Texas man pleads the gov. to return deported brother, a Vietnam veteran

This week, veterans gathered at the American Legion Post in Donna, Texas to ask their congressman about the debate over military service and citizenship.

DONNA, Texas – It’s a debate over service and citizenship as several members of the Congressional Hispanic Caucus plan to visit deported veterans in Tijuana, Mexico on Saturday. 

More military families on the Texas border want to tell their stories like that of one former U.S. soldier who’s spent the last 15 years banned from entering the country he once served.

“The focus of today’s meeting is to talk about our deported veterans,” U.S. Congressman Filemon Vela told a group of veterans gathered at an American Legion post in Donna, Texas.   

A dozen or so war veterans attended the town hall to ask their congressman about the veteran benefits and citizenship. 

“Veterans who serve our country honorably are being deported," exclaimed Legion Commander Felix Rodriguez. "That’s unacceptable!” 

It was an emotional subject for the patriots in the room.

“Why is it that we don’t have a law that states that any veteran that serves and goes to war automatically becomes a citizen,” asked one Vietnam war veteran.

One man in this gathering isn’t a soldier, but came to fight for his half brother.

“I do have a quick message for the Congressman from Alfredo Garcia,” said Alan Blackwelder, who played a recorded video of his brother on his cell phone, pleading for help.

“After I came back from the war I was nervous and I broke the laws,” Garcia is heard saying over a speakerphone. “I’m not in good health right now and I was hoping that you could help me out.”

Alfredo Garcia spent the first seven years of his life in Mexico, the same country where he’s now spent the last 15 years.  In between that time, he signed up with the U.S. Army and was deployed on active duty to Korea and then Vietnam from 1969 to 1972.

Blackwelder opened a memory box and showed the KENS 5 Border team several of Garcia’s mementos from when he served. He remembers his older brother as a healthy and a patriotic person, but like many who fought during that time, he returned a different man.

“He was exposed to Agent Orange and when he came back he never sought help.”

Blackwelder admitted his brother committed several crimes in the U.S. for which he served jail time, including robbery and drug possession and distribution, he said.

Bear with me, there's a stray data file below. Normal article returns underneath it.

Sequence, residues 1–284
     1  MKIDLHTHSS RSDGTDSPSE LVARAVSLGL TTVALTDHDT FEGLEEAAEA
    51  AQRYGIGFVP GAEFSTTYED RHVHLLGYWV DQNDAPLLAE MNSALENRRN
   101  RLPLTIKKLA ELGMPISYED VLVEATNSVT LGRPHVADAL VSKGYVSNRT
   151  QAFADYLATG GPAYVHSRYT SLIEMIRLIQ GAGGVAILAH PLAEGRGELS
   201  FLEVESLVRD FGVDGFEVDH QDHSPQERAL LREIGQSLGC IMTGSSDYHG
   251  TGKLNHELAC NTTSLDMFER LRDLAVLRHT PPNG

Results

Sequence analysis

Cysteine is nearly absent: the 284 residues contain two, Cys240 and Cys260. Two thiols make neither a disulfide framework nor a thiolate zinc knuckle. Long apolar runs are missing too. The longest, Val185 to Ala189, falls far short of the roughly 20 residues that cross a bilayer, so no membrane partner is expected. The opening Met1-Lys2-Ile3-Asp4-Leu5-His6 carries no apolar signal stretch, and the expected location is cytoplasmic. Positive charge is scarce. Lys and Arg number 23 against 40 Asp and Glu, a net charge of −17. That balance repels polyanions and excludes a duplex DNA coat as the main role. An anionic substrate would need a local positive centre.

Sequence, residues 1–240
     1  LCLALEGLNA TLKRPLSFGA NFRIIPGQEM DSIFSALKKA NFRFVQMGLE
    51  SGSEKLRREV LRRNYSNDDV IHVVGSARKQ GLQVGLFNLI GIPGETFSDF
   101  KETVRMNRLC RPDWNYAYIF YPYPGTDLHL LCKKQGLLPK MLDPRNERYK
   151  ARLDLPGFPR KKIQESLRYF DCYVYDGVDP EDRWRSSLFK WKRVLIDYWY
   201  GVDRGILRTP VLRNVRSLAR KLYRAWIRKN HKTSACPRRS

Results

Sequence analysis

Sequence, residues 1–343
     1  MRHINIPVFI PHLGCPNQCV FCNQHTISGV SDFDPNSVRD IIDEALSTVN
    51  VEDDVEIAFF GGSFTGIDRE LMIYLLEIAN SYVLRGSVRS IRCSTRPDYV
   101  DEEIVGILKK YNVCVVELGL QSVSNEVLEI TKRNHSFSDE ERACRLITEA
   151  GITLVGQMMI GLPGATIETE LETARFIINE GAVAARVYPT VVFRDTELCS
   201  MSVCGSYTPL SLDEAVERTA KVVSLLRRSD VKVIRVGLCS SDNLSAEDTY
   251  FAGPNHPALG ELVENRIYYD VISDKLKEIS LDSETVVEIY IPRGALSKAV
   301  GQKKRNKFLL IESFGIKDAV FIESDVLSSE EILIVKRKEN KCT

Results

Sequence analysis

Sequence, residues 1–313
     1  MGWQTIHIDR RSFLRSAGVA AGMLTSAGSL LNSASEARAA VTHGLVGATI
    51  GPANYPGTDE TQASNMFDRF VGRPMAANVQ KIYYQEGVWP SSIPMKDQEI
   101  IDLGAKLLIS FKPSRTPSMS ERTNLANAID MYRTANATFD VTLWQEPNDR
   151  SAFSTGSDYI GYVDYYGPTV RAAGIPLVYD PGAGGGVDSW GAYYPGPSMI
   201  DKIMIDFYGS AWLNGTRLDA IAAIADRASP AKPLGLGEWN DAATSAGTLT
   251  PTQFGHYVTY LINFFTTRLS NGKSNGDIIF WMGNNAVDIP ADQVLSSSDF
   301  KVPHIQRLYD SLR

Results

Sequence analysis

Those convictions made him a target for the government after 9/11, claimed Blackwelder.

He said in 2002, the U.S. Coast Guard questioned Garcia while he was fishing in the gulf. After they pulled up his drug and robbery convictions, Coast Guard officers detained him before he was taken to an immigration judge who ordered his deportation.

“They wanted them removed because they felt it was a threat to our country,” Blackwelder said.

In a separate video recorded just across the border in Matamoros, Mexico, Garcia explained how his application for citizenship was canceled because he was not able to attend his appointments while deployed to war. An application he never started again.

Today, USCIS said it starts the naturalization process at basic training for non-citizens. However, many deported veterans from previous wars have still been left behind.

All the deported veterans the KENS 5 Border Team have spoken to said they are hoping for a law or an executive order by the President to allow them to return home.

“[This] really kind of helps motivate us and helps us send a message back to the people in Washington that may not agree with us,” said Congressman Vela, referring to his GOP counterparts.

Blackwelder said his only option now is to continue sharing his brother’s story, hoping to galvanize enough support for deported veterans like his brother.

“We should embrace these soldiers who fought for our country, who gave their lives and put their lives on the line, to provide each and every American here in the United States with freedom.”

 

© 2017 KENS-TV


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